Did not see this coming from my own flesh and blood, the woman whose baby shower keepsakes were hardbacks of parenting bestseller Go the Fuck to Sleep. The lowest blow – she tattles to mother. Next up, a full-blown family intervention, “Save the Fuckhead”, is launched. “Cold turkey,” orders the mob. “No expletive for a whole month.” Did I mention my clan is big on tough love?
But I can do this. I’m only expected to abstain from the articulation of the verb, not the verb itself. Easy-peasy.
The family rallies around. A “fuck jar” is installed by grandma, waiting to accept one hundred rupees for every “fuck” that escapes my lips. The little sods I’ve procreated, supposedly sworn enemies, form a coalition tighter than my daughter’s jeggings. Their strategy: to chant “potty mouth” at miscreant mother until she zips her potty mouth.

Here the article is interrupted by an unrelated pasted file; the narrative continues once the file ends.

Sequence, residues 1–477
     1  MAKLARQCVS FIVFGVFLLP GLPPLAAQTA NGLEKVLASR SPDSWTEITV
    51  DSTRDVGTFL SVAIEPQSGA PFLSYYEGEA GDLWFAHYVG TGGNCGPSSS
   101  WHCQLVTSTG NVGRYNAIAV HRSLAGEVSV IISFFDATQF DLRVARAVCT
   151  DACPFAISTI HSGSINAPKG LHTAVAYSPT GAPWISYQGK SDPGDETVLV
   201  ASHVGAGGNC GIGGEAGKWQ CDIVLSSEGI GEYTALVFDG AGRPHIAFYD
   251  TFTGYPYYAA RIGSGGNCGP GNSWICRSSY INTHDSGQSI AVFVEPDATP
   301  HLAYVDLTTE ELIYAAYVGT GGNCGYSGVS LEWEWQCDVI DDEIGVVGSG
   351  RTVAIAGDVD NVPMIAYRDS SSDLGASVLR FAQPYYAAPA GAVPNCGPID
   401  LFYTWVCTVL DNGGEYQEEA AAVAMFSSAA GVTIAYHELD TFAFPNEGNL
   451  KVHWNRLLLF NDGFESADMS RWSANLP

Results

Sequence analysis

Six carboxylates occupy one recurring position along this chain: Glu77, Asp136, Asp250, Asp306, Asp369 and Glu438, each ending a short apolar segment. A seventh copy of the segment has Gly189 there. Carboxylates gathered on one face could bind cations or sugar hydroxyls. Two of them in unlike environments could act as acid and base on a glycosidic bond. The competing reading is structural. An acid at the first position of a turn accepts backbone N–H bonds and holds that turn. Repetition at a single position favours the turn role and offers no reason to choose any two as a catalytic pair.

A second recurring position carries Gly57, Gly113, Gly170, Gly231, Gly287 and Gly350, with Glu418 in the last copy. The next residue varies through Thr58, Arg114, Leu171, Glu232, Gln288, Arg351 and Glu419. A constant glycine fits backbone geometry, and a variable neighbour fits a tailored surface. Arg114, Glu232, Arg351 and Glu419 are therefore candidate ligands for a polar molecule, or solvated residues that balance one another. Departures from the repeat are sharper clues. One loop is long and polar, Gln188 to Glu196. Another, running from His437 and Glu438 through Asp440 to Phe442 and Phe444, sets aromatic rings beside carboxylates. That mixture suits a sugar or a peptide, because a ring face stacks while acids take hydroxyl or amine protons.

So I reach for the surrogates, but they suck. Flip, frick, eff just don’t hit the spot. The F-jar begins to overflow. The family debates how to splurge their ill-gotten gains, while I plot a multiple homicide.
I don’t even notice when one of the billion Fs I’ve bitten back, manages to give me the slip. “Time out,” shrieks the family. I pick my self-respect off the floor and do what every self-respecting junkie should – go into retreat.
I sit in solitude and reflect on this sumptuous four-letter word that has me by my short and curlies. How has this crass little word wormed itself into my very core and made itself comfy? Why does spitting it out at every chance I get, elicit the kind of oral gratification no other word in the English language can? Is it the guttural sound, or is it about the pleasure association? How, for fuck’s sake, has a synonym for copulation, reproduced a hundred meanings, all unrelated to sex? The sheer linguistic flexibility of the word makes it the nimblest acrobat in the English lexicon.